The return of the Holiday Season means that Christmas Carols and songs are a hot commodity, but when and where did this tradition begin?
Carols were first sung in Europe thousands of years ago, but these were not Christmas Carols. Carols were originally pagan songs, sung at the Winter Solstice celebrations such as would occur at Stonehenge and other prehistoric sites. The word “carol” actually means dance or a song of praise and joy, and carols were originally sung during all four seasons.
Christmas, as a Christian celebration of the birth of Jesus, evolved to be celebrated at the same time as the winter solstice, and the early Christians began singing Christian songs instead of pagan ones. In 129 AD, a Roman Bishop said that a song called "Angel's Hymn" should be sung at a Christmas service in Rome. Another famous early Christmas Hymn was written in 760 AD by Comas of Jerusalem, for the Greek Orthodox Church. Soon after this many composers all over Europe started to write “Christmas carols”. These songs had limited popularity as they were all written and sung in Latin, a language that the common people couldn't understand. By the time of the Middle Ages (the 1200’s), most people had lost interest in celebrating Christmas altogether.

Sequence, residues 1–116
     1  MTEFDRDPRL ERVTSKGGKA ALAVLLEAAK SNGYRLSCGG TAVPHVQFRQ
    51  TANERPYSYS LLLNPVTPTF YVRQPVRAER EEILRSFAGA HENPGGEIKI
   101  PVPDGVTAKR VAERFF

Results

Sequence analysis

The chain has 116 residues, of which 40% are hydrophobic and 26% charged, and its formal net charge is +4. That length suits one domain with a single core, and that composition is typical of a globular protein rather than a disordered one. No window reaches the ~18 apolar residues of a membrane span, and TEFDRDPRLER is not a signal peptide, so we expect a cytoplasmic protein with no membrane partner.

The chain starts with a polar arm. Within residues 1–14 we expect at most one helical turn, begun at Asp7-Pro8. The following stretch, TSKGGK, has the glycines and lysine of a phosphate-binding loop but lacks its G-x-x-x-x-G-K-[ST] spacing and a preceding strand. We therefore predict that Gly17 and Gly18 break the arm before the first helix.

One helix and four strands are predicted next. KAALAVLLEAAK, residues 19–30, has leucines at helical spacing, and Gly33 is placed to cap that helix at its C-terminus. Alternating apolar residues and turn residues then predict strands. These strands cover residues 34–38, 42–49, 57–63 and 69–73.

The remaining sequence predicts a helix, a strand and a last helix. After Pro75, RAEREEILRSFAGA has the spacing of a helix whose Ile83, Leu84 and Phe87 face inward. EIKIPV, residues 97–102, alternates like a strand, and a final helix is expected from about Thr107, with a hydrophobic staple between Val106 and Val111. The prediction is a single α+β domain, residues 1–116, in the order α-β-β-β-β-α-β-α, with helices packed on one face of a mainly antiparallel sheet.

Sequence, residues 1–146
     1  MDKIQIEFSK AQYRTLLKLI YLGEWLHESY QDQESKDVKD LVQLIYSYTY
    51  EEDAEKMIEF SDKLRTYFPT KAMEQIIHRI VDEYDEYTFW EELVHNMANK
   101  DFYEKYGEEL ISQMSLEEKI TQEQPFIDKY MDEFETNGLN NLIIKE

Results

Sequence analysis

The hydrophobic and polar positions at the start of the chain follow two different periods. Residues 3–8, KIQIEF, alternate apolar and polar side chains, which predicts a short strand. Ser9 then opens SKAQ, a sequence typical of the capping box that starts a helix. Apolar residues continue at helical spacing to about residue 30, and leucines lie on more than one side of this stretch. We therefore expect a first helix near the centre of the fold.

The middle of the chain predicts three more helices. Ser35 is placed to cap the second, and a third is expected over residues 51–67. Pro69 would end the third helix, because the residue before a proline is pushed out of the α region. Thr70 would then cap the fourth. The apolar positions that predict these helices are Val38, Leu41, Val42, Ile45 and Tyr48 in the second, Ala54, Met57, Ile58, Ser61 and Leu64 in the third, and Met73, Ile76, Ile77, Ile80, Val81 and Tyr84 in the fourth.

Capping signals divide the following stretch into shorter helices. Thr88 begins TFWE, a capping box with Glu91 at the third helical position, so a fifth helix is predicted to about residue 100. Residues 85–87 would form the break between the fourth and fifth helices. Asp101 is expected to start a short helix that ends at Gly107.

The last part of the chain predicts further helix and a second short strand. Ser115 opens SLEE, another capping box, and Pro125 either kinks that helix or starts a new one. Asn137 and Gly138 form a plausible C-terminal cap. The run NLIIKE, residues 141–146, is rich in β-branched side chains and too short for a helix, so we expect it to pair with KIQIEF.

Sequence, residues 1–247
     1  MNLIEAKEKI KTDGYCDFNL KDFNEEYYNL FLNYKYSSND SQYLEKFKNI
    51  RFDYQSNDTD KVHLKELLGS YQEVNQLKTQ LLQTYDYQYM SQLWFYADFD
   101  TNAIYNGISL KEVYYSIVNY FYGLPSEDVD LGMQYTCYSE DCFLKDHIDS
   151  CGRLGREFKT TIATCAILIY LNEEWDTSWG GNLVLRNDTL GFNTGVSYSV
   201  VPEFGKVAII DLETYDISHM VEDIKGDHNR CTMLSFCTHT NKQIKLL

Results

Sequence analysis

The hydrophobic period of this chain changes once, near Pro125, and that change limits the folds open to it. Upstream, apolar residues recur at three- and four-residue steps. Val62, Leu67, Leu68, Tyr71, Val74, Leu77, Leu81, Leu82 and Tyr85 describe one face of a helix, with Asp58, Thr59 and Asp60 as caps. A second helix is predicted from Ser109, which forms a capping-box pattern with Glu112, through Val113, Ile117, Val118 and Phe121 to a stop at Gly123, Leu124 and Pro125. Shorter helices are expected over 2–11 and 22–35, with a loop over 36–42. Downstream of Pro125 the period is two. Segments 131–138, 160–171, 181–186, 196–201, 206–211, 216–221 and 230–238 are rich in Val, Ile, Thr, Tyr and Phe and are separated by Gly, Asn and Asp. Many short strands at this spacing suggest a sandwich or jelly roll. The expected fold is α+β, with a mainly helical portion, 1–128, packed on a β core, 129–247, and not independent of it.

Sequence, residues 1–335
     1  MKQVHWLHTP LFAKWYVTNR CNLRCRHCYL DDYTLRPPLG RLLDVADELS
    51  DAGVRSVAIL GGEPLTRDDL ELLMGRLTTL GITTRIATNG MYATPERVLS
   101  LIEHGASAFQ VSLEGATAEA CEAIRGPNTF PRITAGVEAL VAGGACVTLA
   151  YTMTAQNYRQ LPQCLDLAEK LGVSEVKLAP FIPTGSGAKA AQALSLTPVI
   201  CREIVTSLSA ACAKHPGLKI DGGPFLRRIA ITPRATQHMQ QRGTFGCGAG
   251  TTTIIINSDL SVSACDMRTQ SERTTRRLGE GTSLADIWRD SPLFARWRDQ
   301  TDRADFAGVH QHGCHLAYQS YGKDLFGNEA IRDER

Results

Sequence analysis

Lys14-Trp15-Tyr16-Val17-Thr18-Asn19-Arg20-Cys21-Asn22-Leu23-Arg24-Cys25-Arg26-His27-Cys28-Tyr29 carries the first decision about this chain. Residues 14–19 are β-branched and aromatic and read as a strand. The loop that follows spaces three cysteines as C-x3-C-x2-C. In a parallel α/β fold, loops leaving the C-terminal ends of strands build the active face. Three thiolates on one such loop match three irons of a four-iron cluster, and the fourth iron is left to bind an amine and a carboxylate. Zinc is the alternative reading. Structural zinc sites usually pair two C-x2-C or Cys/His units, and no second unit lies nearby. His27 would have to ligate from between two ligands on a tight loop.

This was changed by St. Francis of Assisi who, in 1223, started his Nativity Plays in Italy. The characters in the plays sang songs or 'canticles' that relayed the story during the plays. These new carols were often in a language that the listeners could understand and sing along with, and these new carols soon spread to France, Spain, Germany and other European countries.